About Puggs Meadow Flowers
Situated in Dorset’s beautiful Blackmore Vale, the Puggs Meadow land was, until 2014, a field full of contentedly munching cows. Some stock-proof fencing, a turf stripper and a fair bit of double digging later (the clay soil being badly compacted) nearly an acre is now producing flowers from spring to autumn.
On the whole the field has been pretty unstroppy about its change of use but plans for 2017 include installing serious land drains (when it rains in the West Country it doesn’t muck about) and then we can get tree planting to provide armfuls of blossom in the spring and bowers of berry-laden branches in the autumn. We are always told people love our flowers because they can’t buy anything like them in the shops, and the day we have trees big enough to decorate a full-on marquee wedding with nothing but quince blossom Lizzie can die a happy woman.
After a good stint as a magazine journalist, then decade in London as a professional gardener, it was time for pastures new – literally. Lizzie Fairrie and husband, Steve Keenan moved at the back end of 2013 to north Dorset to three acres of land with a house attached to set up a cut-flower farm.
The need to grow – to raise from seed, to strike cuttings, all the things you need space and a greenhouse for; the urge to test if plants are more productive living without chemicals in no-dig beds (well, after an initial breaking up of the badly compacted soil); to get that grin when you present someone with a richly scented bunch were all catalysts. That Steve, city born and bred, wonderfully agreed to upsticks to a village without so much as a street light nevermind a pub, was the reason it could happen…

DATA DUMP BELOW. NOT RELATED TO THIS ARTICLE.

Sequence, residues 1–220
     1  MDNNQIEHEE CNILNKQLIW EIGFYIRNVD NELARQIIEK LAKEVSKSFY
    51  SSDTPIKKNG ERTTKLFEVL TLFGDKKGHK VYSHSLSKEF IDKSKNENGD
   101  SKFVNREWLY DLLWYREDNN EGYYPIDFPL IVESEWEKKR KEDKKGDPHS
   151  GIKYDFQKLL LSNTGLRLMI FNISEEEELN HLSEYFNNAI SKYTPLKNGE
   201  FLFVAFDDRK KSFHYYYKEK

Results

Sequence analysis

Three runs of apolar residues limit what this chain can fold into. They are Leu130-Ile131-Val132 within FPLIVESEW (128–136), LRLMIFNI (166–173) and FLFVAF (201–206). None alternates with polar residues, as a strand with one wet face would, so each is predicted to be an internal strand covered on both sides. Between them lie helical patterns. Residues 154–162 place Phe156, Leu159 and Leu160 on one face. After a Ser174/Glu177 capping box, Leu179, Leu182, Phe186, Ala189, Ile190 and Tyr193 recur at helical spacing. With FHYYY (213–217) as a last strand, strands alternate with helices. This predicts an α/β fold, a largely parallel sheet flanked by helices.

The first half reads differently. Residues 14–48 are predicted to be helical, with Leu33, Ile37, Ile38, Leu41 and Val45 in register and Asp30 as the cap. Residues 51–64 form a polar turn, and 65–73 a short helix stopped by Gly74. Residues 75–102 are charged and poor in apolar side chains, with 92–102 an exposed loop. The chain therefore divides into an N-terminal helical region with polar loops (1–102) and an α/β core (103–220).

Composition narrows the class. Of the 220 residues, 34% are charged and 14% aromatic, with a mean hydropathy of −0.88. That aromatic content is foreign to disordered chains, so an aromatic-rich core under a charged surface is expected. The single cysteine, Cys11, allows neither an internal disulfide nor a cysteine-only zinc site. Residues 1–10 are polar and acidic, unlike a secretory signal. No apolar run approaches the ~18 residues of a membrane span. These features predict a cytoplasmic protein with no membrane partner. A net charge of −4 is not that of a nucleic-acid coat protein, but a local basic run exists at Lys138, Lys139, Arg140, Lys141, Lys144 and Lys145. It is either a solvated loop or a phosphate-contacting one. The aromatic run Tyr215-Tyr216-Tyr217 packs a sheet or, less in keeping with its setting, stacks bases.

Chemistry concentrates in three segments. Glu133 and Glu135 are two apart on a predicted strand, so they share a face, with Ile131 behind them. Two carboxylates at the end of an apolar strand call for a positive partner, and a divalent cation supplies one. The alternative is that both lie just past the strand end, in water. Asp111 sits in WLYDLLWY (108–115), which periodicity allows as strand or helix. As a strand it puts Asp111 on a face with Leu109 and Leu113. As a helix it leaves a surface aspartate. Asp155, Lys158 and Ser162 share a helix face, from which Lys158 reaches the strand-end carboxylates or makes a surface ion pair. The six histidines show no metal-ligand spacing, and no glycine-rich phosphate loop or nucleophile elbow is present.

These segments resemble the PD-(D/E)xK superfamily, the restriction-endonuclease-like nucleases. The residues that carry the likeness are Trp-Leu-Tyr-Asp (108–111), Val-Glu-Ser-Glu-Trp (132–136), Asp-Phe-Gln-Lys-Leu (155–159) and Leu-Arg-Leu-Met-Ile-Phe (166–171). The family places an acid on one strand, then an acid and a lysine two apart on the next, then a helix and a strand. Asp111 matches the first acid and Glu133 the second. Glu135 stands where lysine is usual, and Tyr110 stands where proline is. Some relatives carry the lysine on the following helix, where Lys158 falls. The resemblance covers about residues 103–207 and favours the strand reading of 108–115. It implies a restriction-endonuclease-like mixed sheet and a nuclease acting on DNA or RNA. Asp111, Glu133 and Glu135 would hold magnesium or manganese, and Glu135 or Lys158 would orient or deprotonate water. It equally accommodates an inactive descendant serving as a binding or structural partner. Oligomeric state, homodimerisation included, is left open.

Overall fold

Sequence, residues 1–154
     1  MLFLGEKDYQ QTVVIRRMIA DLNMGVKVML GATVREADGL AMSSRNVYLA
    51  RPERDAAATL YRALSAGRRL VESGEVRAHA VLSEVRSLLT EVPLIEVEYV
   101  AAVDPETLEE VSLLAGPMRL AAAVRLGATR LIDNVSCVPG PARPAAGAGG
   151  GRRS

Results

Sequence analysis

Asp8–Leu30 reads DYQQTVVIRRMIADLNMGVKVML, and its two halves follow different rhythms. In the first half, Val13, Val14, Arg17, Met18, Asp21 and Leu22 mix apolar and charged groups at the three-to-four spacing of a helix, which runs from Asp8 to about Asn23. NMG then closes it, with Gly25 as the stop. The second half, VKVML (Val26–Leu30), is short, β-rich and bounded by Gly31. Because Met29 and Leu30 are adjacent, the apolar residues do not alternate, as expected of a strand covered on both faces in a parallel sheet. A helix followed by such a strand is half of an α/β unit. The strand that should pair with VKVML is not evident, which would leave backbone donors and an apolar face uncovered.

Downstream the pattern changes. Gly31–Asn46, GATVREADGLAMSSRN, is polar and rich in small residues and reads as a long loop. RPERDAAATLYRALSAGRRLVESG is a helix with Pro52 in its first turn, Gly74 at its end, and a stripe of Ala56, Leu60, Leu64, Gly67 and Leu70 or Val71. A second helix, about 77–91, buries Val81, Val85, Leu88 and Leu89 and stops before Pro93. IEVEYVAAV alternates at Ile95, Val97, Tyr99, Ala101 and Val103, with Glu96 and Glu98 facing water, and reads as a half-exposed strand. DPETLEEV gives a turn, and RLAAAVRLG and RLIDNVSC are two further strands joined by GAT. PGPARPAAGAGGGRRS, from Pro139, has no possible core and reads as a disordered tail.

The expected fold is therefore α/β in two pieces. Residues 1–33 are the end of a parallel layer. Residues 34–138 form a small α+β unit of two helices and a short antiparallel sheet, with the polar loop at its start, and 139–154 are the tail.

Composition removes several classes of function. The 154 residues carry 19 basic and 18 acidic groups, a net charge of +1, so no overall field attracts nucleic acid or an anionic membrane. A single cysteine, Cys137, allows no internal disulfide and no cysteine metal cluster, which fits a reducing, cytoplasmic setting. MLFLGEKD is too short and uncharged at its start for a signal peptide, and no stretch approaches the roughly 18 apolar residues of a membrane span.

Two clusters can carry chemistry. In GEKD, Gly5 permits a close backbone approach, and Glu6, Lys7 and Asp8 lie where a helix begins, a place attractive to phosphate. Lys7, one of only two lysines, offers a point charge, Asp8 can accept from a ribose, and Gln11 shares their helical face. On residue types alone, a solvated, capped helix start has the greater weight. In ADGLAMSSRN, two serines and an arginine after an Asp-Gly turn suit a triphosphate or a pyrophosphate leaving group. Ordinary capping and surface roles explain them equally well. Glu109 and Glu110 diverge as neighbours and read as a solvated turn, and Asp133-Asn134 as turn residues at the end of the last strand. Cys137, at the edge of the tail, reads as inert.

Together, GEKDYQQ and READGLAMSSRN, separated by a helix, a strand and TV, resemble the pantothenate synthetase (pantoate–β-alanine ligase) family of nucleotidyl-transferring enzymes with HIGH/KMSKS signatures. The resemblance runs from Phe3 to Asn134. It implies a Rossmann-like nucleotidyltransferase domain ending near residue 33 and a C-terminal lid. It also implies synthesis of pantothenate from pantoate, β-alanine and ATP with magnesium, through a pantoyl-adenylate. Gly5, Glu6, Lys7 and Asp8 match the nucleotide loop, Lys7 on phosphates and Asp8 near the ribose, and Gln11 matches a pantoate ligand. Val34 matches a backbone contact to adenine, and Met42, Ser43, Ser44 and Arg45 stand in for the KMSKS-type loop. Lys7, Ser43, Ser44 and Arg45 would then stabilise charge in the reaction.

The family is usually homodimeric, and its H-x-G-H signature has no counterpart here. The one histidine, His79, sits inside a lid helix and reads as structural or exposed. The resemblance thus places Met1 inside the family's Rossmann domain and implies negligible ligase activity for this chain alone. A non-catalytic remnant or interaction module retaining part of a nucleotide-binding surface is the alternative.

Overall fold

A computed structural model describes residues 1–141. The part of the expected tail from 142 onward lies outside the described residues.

Steve Keenan had been a travel journalist for 25 years. He began writing for The Times of London on travel news and business travel in 1996, went on contract two years later and joined the paper full-time as deputy travel editor in 2000. In December 2004, he became the first national digital travel editor in the UK, running the travel website of The Times and Sunday Times.
The introduction of a paywall at the papers in 2010 persuaded him that the connected world might continue outside of Wapping and in December 2011, he left News International to co-form Travel Perspective. And as he didn’t have an office to travel to every day, he was happily persuaded to move to Dorset to help Lizzie grow flowers.
With her other job as a registrar for North Dorset, Ren can not only provide the flowers for your wedding but she can marry you, too. Weeds pull themselves up when they see her approaching, as they know they don’t stand a chance. Enthusiastic, indefatigable and with volumes of hilarious tales of her former life as a film extra to keep spirits up when the weather’s out of sorts, we strongly suspect she taught the Duracell bunny everything he knows. Every business needs a Ren and if we could only work out a way of propagating clones of her that dream of a private island in the Caribbean would be a done deal.